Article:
Paul Williams’ book demonstrates a strong understanding of Africa’s diverse and dynamic warscapes. However, whilst it carries valuable insights about current approaches to wars in Africa, his book ultimately betrays significant biases typical of many western scholars working within the broad field of African studies.
Williams defines conflict as the pursuit of divergent and incompatible goals by different groups. One of his central arguments is that Africa’s post-Cold War armed conflicts are due to the politics and dynamics of regime survival, which result in fractured state-society relations. These dynamics, he argues, are due to the “failures” of African governments to build inclusive societies.
According to Williams, Africa is home to today’s most intractable conflicts—particularly in the Democratic Republic of the Congo (DRC), Sudan and South Sudan—which is partly due to “collapsed or failed” peace agreements. While one would be hard pressed to deny these assessments, the shortcoming in Williams’ arguments is his uncritical embrace of today’s “weak” or “fragile” states framework. According to this framework, armed conflicts in Africa are due to African states’ lack of strong liberal political and economic institutions that can manage conflicts peacefully through electoral processes. Rather, African countries are characterised by “hybrid regimes” that embrace electoral politics whilst incumbent governments manipulate these processes to retain power.
Williams argues that political elites seeking to enrich themselves using various methods (including the politicisation of ethnicity and religion), is what has caused the factionalisation of Africa’s political landscapes. Indeed, Williams argues that this politics of self-enrichment, or “neopatrimonialism”, is due to African leaders’ incapacity to uphold the “rational-legal” principles of liberal institutions by preventing transfers of power from occurring. Thus, whilst he acknowledges that many accounts of the causes of wars in Africa are often grounded in racist characterisations of African peoples, he nonetheless implicitly casts Africans as “irrational”.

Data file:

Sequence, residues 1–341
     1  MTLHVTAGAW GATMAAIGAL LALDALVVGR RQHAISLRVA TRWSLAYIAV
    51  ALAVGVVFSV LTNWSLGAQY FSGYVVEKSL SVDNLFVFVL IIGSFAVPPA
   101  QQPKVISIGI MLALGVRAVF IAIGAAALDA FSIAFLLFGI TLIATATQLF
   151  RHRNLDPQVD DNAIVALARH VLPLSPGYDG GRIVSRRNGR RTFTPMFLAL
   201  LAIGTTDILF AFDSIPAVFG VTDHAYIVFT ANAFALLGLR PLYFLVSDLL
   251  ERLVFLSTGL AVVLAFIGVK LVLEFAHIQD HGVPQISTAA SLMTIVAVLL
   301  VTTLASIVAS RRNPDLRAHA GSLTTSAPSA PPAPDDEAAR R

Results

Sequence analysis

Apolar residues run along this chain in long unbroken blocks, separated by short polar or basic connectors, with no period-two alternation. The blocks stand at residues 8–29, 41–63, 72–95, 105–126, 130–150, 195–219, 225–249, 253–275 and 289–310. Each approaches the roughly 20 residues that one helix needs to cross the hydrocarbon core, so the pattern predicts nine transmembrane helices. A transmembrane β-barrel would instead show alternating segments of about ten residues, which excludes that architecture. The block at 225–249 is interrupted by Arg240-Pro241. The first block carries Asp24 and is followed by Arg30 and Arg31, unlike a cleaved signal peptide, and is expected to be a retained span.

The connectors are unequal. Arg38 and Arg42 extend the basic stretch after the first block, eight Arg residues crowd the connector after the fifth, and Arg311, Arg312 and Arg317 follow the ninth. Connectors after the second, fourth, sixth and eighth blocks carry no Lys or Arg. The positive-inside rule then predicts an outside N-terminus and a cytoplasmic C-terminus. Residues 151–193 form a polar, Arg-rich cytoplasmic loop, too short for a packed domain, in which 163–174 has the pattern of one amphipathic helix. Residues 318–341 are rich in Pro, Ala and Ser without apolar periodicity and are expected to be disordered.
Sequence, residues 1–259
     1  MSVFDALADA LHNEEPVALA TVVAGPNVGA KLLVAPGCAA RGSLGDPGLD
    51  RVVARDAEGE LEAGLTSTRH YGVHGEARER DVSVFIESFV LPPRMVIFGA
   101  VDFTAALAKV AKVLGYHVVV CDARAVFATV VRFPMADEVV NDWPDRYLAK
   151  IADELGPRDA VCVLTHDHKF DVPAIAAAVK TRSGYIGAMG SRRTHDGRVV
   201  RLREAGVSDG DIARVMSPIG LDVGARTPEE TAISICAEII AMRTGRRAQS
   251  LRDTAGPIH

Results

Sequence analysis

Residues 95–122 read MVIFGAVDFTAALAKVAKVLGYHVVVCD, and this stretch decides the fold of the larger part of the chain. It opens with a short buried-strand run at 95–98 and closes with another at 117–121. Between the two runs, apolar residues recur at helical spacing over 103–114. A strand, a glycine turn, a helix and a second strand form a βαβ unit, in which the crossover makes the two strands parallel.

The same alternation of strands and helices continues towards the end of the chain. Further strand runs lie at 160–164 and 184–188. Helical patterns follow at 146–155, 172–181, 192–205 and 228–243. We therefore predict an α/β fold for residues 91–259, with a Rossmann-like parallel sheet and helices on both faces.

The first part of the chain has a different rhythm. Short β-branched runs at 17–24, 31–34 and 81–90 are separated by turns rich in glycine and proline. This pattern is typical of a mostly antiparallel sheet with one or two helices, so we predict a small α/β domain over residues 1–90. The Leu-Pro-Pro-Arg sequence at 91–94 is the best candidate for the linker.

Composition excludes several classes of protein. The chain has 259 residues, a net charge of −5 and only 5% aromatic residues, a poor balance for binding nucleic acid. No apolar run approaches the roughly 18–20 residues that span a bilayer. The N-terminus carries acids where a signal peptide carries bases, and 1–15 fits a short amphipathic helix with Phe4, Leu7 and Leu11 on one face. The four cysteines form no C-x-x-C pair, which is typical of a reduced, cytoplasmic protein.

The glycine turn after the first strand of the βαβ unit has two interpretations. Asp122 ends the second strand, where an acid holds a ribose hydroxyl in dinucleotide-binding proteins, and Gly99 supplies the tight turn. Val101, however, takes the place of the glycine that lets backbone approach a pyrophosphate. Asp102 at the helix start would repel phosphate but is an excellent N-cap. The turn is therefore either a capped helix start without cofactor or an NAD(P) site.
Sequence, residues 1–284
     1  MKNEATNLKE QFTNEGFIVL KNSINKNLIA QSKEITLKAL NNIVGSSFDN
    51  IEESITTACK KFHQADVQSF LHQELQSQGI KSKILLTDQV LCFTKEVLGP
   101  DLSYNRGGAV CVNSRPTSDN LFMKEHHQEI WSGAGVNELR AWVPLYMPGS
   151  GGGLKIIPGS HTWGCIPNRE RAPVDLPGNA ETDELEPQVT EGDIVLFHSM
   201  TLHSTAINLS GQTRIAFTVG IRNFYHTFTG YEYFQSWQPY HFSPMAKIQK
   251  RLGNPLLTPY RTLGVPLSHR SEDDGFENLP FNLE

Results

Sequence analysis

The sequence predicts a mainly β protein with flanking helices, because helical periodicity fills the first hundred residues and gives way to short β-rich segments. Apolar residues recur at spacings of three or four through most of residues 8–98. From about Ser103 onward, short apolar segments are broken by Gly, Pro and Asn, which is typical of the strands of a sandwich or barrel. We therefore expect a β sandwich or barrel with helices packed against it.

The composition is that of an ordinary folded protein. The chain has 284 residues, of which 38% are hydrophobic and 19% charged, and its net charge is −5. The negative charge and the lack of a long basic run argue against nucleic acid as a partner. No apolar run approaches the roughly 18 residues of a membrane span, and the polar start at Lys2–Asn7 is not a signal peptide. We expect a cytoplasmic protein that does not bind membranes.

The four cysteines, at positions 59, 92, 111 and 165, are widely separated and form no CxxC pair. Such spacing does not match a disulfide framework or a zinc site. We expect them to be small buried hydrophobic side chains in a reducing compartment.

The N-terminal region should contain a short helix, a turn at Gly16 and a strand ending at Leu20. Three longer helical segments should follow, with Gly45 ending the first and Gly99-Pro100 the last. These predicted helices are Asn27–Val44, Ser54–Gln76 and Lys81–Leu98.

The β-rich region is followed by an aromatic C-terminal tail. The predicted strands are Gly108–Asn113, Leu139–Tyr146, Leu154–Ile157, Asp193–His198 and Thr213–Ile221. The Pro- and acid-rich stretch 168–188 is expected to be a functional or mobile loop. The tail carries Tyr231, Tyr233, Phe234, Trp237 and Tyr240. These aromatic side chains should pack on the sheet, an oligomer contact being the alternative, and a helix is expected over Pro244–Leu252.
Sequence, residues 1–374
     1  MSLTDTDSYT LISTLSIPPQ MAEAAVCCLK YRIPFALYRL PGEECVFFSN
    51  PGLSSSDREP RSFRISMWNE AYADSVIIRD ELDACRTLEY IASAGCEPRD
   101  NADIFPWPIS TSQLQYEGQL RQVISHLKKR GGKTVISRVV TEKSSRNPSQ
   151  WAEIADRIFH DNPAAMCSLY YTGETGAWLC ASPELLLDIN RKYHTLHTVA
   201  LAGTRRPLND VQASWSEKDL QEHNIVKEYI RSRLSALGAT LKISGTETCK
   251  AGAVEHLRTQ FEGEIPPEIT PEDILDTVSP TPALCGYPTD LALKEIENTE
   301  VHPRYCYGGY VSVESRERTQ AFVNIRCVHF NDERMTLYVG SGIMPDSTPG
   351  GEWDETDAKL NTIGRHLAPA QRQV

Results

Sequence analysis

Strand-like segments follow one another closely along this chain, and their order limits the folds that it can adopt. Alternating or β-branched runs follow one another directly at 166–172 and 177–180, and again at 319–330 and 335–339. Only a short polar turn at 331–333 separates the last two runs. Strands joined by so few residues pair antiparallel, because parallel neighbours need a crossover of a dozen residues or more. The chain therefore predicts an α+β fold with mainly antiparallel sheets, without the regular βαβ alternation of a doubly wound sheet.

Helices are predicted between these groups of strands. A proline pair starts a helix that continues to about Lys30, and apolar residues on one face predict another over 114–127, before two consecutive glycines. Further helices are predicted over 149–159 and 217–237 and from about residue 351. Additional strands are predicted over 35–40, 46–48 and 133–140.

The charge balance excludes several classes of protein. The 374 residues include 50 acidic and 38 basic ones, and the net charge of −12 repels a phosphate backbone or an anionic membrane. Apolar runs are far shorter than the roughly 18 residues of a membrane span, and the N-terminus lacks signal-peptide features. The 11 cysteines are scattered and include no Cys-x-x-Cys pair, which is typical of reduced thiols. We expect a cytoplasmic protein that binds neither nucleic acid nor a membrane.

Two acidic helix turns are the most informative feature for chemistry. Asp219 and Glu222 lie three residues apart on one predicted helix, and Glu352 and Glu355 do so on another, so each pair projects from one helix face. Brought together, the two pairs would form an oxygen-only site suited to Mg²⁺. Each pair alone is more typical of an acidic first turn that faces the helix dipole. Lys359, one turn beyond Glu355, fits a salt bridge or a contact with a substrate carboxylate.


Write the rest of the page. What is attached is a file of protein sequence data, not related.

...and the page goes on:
This implicit characterisation of African peoples as irrational undermines his otherwise accurate assessment that scholars, policymakers and practitioners should throw away mono-causal accounts of Africa’s conflicts. Williams emphasises that it’s important to simultaneously acknowledge the local, national, regional and global dimensions of wars in Africa.
This, however, is undermined by his failure to interrogate the ways in which the liberal institutions promoted in peace-building and peace-making initiatives actually precipitate conflict. Moreover, he fails to acknowledge how these liberal initiatives lead to conflicts through their strategic use by political elites to retain power.
Moreover, the underlying individualist and competitive ethos generated through these measures encourages self-interested behaviours and leads to the fragmentation of society. Consequently, Williams downplays the extent to which global dynamics, namely Western-led “democracy” promotion and liberal peace-building, contribute to instability in Africa.
Despite these shortcomings, Williams rightly notes that there is no consensus on how to count Africa’s wars, let alone account for their causes. Importantly, he notes that this is particularly true for quantitative studies. This highlights that quantitative methodology alone is ill-suited for this task, not least because of the inability of scholars who primarily rely on quantitative methods to acknowledge their biases.
Paul Williams, War and Conflict in Africa, 2nd Edition, Wiley, 2016
Tinashe Jakwa is a Master of International Relations student at UWA, and Southern Africa political and security analyst for Foreign Brief.